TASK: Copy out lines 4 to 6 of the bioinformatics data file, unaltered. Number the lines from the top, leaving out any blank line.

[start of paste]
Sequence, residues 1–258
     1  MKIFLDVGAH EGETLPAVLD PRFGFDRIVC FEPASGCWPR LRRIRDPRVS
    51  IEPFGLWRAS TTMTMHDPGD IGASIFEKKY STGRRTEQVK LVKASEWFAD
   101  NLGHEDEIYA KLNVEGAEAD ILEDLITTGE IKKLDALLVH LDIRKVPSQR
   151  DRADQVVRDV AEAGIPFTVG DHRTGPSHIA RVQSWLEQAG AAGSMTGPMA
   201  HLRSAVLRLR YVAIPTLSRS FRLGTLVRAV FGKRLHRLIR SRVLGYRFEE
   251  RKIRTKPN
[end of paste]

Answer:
   101  NLGHEDEIYA KLNVEGAEAD ILEDLITTGE IKKLDALLVH LDIRKVPSQR
   151  DRADQVVRDV AEAGIPFTVG DHRTGPSHIA RVQSWLEQAG AAGSMTGPMA
   201  HLRSAVLRLR YVAIPTLSRS FRLGTLVRAV FGKRLHRLIR SRVLGYRFEE